“All we did is survive.”
Dunkirk is the latest film by one of the greatest directors of the 21st Century, Christopher Nolan. One of the most unique war films, Dunkirk is a film that not only manages to tell an epic, large scale story in under 2 hours, but unusually intertwine multiple narratives in a nonlinear style to heighten the tension, each story strong in its own right and equally riveting, filled with so little exposition yet telling the audience so much, stories filled with heart and humanity, and not power.
In a genre of films capturing heroism, focusing on assault, bravery in the face of evil, we have a film that focuses on retreat, illustrating how war affects every level, from confused, shellshocked soldiers, to civilians with pipe dreams of patriotism, to generals torn between tough decisions. The film is both large-scale in terms of spectacle and scope, once again exemplifying Nolan’s flair for practical effects, not only in terms of set building, but with his understanding of Gestalt, showing us the sheer scope of the war, even without explicitly showing battle. Additionally, the stylistic choice of never showing the audience the enemy greatly not only humanises the protagonists, but dehumanises the enemy without seemingly overtly patriotic. The marketing decision of giving the film a PG-13 rating ended up actually benefitting the film instead of harming its artistic integrity, with Nolan still managing to tell a gritty and realistic war film despite the limitations and showing literally not a single death on screen, yet implying the loss of thousands.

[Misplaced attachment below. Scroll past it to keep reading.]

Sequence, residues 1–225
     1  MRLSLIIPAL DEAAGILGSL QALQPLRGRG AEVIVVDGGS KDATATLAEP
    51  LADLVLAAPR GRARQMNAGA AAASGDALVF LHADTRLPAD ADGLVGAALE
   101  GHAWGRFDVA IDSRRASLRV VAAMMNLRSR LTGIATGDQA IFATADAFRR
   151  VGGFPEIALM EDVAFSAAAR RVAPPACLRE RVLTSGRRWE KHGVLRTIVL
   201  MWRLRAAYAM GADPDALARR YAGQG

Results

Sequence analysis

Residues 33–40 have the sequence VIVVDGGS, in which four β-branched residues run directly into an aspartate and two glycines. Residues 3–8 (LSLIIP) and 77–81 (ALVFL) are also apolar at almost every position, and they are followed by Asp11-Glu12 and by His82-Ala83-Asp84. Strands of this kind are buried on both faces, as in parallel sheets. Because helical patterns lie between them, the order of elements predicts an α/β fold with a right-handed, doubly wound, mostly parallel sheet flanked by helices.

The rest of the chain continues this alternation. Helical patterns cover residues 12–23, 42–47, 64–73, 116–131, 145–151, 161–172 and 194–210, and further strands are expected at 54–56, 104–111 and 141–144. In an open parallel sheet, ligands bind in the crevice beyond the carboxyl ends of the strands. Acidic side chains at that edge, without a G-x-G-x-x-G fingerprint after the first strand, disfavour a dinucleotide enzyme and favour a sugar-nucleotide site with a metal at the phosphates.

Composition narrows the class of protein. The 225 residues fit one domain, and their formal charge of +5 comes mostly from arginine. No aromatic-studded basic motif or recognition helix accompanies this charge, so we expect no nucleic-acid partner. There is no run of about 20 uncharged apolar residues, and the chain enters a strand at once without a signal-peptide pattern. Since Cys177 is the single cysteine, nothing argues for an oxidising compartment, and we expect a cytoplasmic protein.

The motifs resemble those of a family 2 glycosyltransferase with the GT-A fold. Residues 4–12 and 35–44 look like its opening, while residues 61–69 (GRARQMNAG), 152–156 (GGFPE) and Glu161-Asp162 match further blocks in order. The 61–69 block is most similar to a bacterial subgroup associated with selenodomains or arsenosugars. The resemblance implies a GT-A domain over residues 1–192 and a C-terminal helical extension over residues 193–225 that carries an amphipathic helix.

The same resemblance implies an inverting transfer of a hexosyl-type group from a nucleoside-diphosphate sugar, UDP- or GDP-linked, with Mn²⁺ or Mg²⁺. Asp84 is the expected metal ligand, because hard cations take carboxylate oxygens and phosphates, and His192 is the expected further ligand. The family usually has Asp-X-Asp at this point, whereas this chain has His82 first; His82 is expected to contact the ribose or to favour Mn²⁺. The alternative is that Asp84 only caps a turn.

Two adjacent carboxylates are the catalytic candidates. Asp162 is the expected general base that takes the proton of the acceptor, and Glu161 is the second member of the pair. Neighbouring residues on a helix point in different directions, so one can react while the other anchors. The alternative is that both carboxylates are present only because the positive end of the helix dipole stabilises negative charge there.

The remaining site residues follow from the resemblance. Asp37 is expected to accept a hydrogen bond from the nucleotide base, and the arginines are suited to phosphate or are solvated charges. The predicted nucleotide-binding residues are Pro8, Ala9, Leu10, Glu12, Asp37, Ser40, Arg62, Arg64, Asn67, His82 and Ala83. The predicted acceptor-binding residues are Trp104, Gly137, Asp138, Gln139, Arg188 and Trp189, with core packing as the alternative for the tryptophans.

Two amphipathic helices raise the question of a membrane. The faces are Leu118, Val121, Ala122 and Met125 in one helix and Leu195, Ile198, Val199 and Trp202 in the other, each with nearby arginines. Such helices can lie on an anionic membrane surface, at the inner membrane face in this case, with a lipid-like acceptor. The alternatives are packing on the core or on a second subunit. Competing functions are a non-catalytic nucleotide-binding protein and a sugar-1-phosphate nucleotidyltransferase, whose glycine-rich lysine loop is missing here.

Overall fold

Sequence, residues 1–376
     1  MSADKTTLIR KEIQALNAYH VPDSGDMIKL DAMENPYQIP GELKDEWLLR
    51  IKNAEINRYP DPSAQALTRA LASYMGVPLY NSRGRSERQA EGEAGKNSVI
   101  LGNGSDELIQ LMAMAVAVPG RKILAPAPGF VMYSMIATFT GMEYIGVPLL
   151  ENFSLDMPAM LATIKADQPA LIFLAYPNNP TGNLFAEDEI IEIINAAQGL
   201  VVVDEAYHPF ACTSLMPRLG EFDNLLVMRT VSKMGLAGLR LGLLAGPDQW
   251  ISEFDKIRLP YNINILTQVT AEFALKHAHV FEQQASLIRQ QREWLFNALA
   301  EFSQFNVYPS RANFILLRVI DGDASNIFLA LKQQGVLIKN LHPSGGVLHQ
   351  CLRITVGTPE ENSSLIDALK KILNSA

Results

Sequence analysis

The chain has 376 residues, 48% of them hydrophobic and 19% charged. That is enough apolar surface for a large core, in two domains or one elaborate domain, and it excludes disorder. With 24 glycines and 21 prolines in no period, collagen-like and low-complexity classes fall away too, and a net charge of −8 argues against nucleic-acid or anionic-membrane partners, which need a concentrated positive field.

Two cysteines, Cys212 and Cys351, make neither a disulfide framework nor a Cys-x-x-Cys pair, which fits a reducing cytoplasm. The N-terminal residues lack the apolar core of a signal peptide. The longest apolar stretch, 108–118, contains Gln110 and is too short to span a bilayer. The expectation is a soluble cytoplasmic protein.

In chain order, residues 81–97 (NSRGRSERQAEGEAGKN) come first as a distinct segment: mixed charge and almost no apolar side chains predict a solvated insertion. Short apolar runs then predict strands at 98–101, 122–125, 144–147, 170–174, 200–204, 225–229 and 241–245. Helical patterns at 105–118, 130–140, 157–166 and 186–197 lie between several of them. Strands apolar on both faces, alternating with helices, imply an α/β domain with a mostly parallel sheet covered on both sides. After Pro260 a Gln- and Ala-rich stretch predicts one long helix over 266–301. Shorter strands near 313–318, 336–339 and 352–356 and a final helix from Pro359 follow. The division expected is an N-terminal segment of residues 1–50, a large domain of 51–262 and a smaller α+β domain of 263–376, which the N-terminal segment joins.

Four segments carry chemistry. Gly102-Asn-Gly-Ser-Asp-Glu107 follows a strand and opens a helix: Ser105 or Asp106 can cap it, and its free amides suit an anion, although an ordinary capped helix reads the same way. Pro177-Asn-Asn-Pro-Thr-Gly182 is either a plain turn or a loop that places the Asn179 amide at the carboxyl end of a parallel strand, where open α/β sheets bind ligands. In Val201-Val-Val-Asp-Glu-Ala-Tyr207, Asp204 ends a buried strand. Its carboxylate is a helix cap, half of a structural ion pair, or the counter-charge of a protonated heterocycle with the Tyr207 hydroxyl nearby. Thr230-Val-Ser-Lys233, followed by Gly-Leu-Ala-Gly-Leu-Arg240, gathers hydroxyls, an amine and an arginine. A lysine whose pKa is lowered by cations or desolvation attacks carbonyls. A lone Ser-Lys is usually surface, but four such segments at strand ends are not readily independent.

As with any other war film, the film on a technical level is jaw-dropping, especially when it comes to the sound design, which captures the level of disorientation, the cacophony experienced by the shellshocked, increasing the level of suspense and empathy for the characters, the score is also phenomenal, with a constant ticking noise and the illusion of a perpetually ascending tone, which all greatly contribute to the claustrophobia and intensity of the film, and when the silence hits us towards the end, it is as poignant as the first, deafening gunshot of the film, it jolts us up, it asks not only the soldiers, but us, “What now?”.
It’s honestly refreshing to see Nolan return to his experimental storytelling roots from Memento in this film, doing away with his exposition-riddled dialogue in his later films, yet being coherent and poignant enough for even the simplest-minded of people to enjoy in all its glory. Dunkirk is a film which actually lives up to the hype and the title of “masterpiece”.
By: Zach Wee